Let denote the posterior variance of ц obtained under model q. When estimating the expected excess return, the decision maker is left with overall uncertainty given by the unconditional posterior variance across models:
The first term on the right-hand side of (42), the expected value across models of the posterior variance of /i, is essentially the average within-model uncertainty about the expected excess return. This component of the overall uncertainty is analyzed in the previous section. Link The second term on the right-hand side of (42), the variance across models of the posterior mean of /л, can be termed “model” uncertainty, or the component of the overall posterior variance of ii attributable to uncertainty about which model to use.
Calculation of posterior model probabilities (7rg’s) is beyond the intended scope of this study. As noted at the outset, we focus more on issues related to using various factor-based models for cost-of-equity estimation rather than on issues related to testing such models or evaluating their relative merits. In order to illustrate the calculation of model uncertainty, we consider various sets of candidate models and, for each set, the 7t9’s are made equal across models.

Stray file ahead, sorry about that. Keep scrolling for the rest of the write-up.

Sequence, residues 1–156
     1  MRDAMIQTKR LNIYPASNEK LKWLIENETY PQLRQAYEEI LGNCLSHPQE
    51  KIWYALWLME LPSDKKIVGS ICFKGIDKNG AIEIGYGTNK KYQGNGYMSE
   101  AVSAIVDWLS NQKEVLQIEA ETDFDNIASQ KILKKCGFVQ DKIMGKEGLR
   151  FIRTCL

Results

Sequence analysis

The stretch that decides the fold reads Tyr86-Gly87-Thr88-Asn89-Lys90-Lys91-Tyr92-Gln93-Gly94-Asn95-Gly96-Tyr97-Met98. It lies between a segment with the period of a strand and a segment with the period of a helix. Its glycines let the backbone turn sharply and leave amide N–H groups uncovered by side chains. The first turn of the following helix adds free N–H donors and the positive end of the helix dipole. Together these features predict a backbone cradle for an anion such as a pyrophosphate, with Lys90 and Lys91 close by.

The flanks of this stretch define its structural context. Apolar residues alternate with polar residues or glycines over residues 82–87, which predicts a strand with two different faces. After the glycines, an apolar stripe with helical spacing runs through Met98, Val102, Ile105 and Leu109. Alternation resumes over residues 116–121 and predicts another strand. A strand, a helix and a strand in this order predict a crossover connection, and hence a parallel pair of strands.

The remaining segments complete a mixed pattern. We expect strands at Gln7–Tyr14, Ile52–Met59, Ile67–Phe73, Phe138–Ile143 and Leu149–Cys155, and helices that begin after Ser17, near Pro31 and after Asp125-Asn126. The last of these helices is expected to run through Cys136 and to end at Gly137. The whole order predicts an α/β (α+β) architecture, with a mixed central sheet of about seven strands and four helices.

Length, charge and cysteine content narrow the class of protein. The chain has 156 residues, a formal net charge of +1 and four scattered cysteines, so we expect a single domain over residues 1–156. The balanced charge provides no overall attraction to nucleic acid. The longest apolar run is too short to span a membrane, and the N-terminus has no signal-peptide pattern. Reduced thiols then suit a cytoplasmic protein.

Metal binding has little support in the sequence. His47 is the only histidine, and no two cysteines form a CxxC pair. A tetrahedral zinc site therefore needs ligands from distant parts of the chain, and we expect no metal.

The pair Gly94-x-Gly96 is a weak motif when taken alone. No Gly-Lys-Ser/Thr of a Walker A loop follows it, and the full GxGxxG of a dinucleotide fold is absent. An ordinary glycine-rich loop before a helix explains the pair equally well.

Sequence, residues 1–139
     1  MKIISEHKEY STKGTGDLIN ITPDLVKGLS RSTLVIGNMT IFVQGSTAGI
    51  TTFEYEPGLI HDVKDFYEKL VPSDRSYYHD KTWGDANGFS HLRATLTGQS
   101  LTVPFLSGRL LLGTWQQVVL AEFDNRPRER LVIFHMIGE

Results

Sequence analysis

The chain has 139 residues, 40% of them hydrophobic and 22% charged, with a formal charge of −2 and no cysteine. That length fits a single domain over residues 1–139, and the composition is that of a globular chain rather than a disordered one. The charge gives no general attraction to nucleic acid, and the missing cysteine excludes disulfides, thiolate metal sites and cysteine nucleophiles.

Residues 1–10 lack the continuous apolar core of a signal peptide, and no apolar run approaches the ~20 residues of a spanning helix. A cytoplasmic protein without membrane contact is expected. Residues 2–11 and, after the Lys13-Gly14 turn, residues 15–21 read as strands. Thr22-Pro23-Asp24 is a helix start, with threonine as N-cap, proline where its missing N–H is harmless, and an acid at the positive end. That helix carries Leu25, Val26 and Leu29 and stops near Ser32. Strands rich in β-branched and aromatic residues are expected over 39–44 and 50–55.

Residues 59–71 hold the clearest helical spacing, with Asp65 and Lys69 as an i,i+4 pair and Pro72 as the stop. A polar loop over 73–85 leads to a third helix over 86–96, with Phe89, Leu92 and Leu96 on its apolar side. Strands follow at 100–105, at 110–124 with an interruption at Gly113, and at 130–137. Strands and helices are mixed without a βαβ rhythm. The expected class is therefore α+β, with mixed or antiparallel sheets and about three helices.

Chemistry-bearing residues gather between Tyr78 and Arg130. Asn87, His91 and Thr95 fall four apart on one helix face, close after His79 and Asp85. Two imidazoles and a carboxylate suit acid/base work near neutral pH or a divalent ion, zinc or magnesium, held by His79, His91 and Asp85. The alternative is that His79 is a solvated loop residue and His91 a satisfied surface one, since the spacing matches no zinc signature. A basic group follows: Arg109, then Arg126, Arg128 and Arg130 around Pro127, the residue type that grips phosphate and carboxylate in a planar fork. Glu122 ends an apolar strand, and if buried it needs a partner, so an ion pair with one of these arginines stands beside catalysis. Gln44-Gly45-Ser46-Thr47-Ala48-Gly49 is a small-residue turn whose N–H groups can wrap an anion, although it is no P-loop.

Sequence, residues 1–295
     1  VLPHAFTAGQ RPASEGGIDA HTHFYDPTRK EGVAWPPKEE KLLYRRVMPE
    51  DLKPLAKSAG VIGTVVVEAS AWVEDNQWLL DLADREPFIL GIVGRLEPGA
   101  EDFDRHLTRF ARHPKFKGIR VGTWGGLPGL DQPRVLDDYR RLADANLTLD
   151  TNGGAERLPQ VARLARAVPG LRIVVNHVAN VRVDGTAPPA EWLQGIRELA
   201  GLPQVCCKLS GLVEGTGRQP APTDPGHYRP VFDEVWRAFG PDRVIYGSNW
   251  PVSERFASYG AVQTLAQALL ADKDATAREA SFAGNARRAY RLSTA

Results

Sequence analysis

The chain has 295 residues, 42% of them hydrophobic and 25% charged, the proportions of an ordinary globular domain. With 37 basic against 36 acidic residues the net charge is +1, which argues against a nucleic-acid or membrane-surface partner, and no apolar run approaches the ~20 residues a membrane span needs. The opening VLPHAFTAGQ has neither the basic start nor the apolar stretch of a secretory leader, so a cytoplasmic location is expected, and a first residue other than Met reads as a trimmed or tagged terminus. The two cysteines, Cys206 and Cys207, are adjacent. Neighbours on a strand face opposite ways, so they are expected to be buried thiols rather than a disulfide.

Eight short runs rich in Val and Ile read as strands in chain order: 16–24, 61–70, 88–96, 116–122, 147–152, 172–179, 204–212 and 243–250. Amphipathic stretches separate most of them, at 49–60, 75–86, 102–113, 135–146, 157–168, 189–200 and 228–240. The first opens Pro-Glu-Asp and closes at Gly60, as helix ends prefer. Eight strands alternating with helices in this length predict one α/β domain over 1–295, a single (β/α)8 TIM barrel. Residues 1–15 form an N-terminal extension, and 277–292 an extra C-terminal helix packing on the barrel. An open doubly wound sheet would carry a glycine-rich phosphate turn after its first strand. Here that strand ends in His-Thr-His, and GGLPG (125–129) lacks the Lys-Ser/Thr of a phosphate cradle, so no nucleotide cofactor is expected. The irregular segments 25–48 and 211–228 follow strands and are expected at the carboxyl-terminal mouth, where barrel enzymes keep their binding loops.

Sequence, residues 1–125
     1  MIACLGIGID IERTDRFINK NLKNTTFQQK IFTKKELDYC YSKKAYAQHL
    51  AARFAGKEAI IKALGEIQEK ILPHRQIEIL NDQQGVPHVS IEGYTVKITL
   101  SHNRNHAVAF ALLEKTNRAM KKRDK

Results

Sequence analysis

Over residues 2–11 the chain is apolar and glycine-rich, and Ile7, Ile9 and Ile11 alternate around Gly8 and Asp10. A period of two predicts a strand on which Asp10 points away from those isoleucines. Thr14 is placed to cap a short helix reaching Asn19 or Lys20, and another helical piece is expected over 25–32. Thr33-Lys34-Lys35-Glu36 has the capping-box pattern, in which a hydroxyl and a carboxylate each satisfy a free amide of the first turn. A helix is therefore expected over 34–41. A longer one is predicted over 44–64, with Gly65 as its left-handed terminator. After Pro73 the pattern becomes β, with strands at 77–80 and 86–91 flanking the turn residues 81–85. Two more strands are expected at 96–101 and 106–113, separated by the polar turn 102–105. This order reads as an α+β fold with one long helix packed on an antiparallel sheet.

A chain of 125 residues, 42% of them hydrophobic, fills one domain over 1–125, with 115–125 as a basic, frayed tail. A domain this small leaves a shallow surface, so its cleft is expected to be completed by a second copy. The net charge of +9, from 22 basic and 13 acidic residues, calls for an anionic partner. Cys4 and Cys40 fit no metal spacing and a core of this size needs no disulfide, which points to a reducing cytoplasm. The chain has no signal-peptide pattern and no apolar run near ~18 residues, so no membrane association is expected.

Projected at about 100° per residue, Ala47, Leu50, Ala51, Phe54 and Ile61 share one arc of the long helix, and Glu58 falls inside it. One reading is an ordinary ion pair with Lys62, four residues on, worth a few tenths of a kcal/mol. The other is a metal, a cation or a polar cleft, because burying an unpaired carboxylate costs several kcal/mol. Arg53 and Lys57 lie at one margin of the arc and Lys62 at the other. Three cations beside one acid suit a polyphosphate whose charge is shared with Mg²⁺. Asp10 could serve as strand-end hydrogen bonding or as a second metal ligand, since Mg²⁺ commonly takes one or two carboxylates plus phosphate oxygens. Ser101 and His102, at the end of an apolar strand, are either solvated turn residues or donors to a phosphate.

When only two models are entertained, model uncertainty is bounded above by the value we report with equal 7iy s. With three models, the greatest of those bounds for the three possible two-model combinations is the upper bound on model uncertainty for the three-model combination. Although assigning equal probabilities across the three models generally results in a value somewhat less than that upper bound, that simple specification still provides a fairly generous assessment of model uncertainty that is useful in revealing its potential importance relative to the within-model parameter uncertainty discussed previously.